Approach-avoidance responses to infant facial expressions in nulliparous women: Associations with early experience and mood induction
SourceInfant Behavior and Development, 49, (2017), pp. 104-113
Article / Letter to editor
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SW OZ BSI OGG
Infant Behavior and Development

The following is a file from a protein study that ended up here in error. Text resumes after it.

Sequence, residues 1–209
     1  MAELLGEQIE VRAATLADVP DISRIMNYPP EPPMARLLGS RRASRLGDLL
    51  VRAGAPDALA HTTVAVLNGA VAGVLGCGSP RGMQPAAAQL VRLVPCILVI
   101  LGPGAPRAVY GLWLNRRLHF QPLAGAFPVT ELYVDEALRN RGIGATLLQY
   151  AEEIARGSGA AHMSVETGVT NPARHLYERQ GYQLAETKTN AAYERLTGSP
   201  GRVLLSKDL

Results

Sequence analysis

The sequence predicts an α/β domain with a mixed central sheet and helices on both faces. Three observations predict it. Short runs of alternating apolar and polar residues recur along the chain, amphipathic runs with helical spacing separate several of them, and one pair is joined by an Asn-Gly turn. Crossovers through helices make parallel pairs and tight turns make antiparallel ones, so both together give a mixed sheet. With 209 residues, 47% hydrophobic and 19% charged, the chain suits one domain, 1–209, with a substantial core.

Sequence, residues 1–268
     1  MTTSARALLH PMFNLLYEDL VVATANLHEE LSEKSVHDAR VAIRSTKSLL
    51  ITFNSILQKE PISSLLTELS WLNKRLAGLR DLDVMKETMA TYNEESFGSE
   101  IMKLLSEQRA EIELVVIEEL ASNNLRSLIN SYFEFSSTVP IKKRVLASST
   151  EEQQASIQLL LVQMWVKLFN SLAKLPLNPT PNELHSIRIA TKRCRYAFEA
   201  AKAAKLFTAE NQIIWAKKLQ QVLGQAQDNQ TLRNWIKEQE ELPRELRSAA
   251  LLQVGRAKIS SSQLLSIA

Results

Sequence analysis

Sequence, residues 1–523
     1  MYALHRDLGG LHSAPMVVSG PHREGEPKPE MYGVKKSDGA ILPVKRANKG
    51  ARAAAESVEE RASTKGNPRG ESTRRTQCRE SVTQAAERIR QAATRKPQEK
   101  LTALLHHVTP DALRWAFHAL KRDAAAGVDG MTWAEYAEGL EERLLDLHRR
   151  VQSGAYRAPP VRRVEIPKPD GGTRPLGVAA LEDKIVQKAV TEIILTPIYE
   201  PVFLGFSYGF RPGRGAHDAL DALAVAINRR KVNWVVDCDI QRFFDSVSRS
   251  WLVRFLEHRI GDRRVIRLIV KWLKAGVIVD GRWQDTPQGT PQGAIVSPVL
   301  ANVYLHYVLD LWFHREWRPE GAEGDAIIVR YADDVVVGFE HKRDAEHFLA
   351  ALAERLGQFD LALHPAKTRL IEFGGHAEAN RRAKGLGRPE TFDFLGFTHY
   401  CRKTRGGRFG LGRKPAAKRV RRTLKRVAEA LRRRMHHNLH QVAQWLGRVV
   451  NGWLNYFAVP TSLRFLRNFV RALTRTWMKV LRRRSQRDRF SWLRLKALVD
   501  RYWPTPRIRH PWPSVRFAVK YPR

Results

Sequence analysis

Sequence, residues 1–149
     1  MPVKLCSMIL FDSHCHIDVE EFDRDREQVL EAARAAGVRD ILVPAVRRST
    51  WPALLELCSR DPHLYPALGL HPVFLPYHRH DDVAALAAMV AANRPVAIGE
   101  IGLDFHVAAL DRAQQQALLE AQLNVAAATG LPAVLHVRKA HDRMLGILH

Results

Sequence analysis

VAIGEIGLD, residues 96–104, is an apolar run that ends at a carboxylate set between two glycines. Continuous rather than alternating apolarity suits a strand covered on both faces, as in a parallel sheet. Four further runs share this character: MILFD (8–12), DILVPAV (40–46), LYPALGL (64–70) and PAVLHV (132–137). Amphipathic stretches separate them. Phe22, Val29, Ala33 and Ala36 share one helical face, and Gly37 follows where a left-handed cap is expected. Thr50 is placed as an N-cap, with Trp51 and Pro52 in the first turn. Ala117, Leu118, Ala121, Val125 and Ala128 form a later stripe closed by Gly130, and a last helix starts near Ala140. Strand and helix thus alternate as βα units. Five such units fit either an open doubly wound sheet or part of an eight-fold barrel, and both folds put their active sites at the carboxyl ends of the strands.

Infant expressions are important signals for eliciting caregiving behaviors in parents. The present study sought to test if infant expressions affect adults' behavioral response, taking into account the role of a mood induction and childhood caregiving experiences. A modified version of the Approach Avoidance Task (AAT) was employed to study nulliparous female university students' implicit responses to infant faces with different expressions. Study 1 showed that sad, neutral and sleepy expressions elicit a tendency for avoidance, while no tendency for approach or avoidance was found for happy faces. Notably, differences between approach and avoidance response latencies for sad faces and participants' negative caregiving experiences were positively correlated (r = 0.30, p = 0.04, Bonferroni corrected), indicating that individuals who experienced insensitive parental care show more bias toward sad infant faces. In Study 2, we manipulated participants' current mood (inducing sad and happy mood by asking to recall a happy or sad event of their recent life) before the AAT. Results showed that sad mood enhanced the bias toward sad faces that is buffered by positive mood induction. In conclusion, these findings indicate that implicit approach avoidance behaviors in females depend on the emotional expression of infant faces and are associated with childhood caregiving experiences and current mood.
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